Keith Preston on Calvinism and Immigration
I’m a diehard “anti-Calvinist.” I grew up in hard-core fundamentalist and Calvinist circles, and I know what all that looks like up close and in-person. I came to be such a hard-core critic of PC because it was obviously a secular progressive variation of the same impulse. In the 80s and 90s I used to rail against the U.S. religious right as much as Richard Dawkins ever has. But the left-progressive puritans have since eclipsed the religious right as the leading anti-libertarian force.
In fact, I think it is a mistake to single out Islamic immigrants as a leading retrograde force, when the left-progressive totalitarian humanists are a much, much more pervasive and immediate threat. The existential threat posed by Islam is localizes, abstract and hypothetical: http://www.timesofisrael.com/eurabia-fears-rise-after-terror-strikes-myth-or-reality/ But the threat posed by totalitarian humanism is here and now, and increasingly embedded in the state. Indeed, the Islamic threat is largely the result of the handiwork of the totalitarian humanists, whether in terms of generating terrorist blowback due to their foreign interventionism, or their opening to doors to mass immigration in the name of multicultural ideology.
In fact, while I think there are reasons for criticizing immigration from Latin America into the US on other grounds, the possible dilution of WASPish American culture with its Calvinist roots is not one of them. American WASPish neo-Calvinism could use a good dose of Latin Catholicism.
Much of the orthodox libertarian position on open borders actually seems to contain some non-sequiturs. They will argue that private property owners, including mass corporations as well as individuals should have unlimited rights of discrimination, but public property should be considered a non-man’s land open to all. By this logic, the entire destitute population of Asia, Latin America, or Africa should be allowed to simply squat on public streets, lands, or in public buildings in Europe or America with the caveat being they can’t engage in any actual violence. This seems to me to be a recipe for political, economic, and cultural suicide.
But the real question is one of sovereignty. Specifically, who or what has jurisdiction over what might be called the “means of immigration.” These include highways, waterways, public streets and sidewalks, airways, airports, sea lanes, seaports, railways, airlines, coasts, borderlands, public lands, public parks, and other such forms of property or territory. In most contemporaries societies, jurisdiction over these is maintained by the state, or by corporations aligned with the state. But it is certainly easy to envision how such resources might exist without the state or state-allied institution. Any of these could be theoretically owned by private communities, non-state collectives, communes, anarcho-syndicalist workers federations, autonomous municipalities, churches, tribes, families, individuals, neighborhood associations, non-state universities, consumer organizations, and many other types of decentralized, voluntary associations or federations of such associations. Would not individuals, groups, or associations of this kind not have sovereign jurisdiction over who may or may not enter their territories or facilities? And would not the specification for right of entry vary significantly from place to place?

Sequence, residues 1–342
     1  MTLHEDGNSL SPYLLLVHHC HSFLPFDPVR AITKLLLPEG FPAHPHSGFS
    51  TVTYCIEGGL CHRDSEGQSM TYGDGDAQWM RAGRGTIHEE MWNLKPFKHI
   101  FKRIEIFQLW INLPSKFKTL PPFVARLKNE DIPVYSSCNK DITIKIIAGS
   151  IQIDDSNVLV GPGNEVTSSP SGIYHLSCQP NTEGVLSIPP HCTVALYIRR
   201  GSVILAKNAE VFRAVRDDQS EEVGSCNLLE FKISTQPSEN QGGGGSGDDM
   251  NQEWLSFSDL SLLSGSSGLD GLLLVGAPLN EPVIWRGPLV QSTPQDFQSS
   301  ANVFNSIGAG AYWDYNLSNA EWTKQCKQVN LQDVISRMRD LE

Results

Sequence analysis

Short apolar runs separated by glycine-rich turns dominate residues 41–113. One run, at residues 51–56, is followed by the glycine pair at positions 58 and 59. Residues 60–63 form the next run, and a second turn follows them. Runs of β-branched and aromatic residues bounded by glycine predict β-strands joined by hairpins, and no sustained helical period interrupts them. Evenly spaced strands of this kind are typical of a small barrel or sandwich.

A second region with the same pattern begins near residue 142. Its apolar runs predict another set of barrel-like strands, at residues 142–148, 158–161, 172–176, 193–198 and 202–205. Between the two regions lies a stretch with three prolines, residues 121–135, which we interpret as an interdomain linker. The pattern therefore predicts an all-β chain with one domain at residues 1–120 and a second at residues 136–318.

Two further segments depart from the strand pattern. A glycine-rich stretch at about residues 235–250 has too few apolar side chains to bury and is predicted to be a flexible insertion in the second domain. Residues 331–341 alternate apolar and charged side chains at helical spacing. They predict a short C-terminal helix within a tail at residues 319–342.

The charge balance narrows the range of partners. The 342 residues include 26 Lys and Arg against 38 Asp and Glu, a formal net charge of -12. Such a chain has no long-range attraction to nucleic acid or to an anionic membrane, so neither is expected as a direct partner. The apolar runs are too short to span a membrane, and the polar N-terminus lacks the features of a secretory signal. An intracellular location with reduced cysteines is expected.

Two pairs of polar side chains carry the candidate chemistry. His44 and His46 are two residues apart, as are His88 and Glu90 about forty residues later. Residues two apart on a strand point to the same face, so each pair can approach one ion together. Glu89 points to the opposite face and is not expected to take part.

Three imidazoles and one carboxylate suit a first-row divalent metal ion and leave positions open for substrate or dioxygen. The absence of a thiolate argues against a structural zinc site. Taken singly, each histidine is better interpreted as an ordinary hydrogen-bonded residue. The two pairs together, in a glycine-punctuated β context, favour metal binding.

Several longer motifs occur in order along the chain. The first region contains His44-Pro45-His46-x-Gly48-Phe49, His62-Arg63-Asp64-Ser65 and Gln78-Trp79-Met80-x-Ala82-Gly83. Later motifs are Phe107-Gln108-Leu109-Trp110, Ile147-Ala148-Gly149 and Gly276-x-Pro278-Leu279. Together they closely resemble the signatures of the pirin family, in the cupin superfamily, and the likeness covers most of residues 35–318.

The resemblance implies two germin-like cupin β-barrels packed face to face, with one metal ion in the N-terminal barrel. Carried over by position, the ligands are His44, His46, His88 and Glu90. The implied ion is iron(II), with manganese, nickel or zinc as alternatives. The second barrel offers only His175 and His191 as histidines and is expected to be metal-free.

Within the context of the state system, it seems more reasonable to regard nations as the collective property of their native born and officially naturalized inhabitants, who then have the right to democratically and collectively set whatever standards for entry they wish. I don’t have clearly defined views on what an optimal immigration policy would be, but within the context of the US federal system, I’d probably just leave it up to the individual states and localities. Presumably, more liberal or Hispanic-majority areas might have something approaching open borders and sanctuary cities, while more homogenous or conservative areas might have more restrictive immigration policies.